Investors tend to pay heed to whistleblower reports of financial fraud despite company denials, a new study suggests.

The research in the July issue of The Accounting Review, a bimonthly journal of the American Accounting Association, suggests that media reports of such allegations lead to multiple woes for targeted companies, including a significant depression of their stock prices not just for days but for years.

“While it is common for companies to question the sanity of whistleblowers, it would appear from our findings that the stock market disagrees,” said Shiva Rajgopal of the Goizueta Business School at Emory University, who carried out the study with Robert M. Bowen of the Foster School of Business of the University of Washington and Andrew C. Call of the Terry College of Business at the University of Georgia.

“There has been surprisingly little research on whether whistleblower allegations are economically significant events with meaningful consequences for targeted firms,” he added. “Our findings suggest strongly they are, and what seems equally plain is the power of the press in all this.”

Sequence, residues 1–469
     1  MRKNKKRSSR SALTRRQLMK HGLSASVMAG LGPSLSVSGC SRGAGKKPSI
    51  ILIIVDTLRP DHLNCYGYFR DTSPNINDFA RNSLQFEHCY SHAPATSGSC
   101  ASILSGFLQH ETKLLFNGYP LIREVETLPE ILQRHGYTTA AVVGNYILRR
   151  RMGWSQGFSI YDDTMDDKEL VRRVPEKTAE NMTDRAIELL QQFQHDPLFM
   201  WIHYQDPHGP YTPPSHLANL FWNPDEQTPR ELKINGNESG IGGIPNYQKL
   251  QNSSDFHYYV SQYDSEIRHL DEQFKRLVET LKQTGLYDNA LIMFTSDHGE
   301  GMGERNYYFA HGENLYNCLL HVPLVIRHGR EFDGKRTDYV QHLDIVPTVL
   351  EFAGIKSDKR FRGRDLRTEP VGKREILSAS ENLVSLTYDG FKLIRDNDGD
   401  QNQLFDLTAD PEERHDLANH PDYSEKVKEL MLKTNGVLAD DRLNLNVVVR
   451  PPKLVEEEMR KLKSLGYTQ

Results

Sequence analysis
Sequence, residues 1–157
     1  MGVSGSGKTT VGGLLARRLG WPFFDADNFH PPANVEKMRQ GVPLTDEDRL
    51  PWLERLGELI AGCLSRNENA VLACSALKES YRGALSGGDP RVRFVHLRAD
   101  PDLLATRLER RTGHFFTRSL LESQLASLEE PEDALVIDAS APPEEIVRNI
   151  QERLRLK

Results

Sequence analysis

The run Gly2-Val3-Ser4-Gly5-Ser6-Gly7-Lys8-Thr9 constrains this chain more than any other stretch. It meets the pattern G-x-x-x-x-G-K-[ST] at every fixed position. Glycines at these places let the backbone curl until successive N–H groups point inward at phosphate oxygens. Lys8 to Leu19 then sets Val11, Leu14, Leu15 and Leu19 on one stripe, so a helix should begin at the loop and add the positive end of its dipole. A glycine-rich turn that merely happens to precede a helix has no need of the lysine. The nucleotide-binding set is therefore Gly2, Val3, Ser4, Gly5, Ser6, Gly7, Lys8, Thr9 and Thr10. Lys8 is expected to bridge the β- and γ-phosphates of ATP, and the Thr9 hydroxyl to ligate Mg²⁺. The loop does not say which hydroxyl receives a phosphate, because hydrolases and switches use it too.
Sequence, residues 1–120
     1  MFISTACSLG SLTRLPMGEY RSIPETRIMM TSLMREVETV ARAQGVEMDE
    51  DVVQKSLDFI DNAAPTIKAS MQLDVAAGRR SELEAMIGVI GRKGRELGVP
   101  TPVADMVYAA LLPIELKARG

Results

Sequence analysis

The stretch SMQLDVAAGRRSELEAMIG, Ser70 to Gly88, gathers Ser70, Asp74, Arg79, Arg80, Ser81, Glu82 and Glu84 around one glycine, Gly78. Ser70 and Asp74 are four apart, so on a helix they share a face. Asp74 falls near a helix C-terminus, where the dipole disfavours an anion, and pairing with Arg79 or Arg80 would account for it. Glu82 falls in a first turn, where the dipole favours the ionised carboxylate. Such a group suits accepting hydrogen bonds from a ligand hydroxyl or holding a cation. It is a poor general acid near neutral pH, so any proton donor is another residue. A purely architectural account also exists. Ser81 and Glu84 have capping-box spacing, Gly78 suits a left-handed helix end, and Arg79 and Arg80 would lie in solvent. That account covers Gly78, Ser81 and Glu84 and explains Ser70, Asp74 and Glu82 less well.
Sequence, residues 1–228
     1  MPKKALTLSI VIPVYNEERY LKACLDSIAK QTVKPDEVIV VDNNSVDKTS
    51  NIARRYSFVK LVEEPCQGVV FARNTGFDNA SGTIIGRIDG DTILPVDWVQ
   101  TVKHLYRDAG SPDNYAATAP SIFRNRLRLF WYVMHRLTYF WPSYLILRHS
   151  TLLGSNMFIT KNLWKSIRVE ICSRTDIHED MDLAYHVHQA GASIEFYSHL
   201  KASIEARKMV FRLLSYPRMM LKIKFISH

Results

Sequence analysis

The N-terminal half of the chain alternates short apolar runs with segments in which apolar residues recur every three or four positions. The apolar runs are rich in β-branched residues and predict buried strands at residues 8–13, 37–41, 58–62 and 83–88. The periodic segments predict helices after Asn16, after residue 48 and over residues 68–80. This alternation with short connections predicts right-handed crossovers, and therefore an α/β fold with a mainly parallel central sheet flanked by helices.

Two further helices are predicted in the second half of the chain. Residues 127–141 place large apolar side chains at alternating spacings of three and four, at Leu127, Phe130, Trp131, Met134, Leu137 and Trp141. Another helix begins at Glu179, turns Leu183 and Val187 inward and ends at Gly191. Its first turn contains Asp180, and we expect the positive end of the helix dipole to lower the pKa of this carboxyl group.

The study analyzed the stock performance of 81 companies after whistleblower allegations of financial misconduct were reported in the media. The professors found that in the five days surrounding such press reports, the stocks of the accused companies experienced a 2.84 percent average drop in price compared to the market as a whole. The relative drop was 7.3 percent when the allegations concerned earnings management.

There were also long-term weaknesses in stocks subsequent to press accounts of whistleblowing. The professors found the median stock performance of the accused companies to be significantly lower over the course of the next two years than that of similar firms that were not beset by whistleblowing.

In addition, within three years of the time that whistleblower stories appeared in the media, 17.9 percent of the firms involved had to restate their financial results, and 26.9 percent were sued for financial misconduct.  

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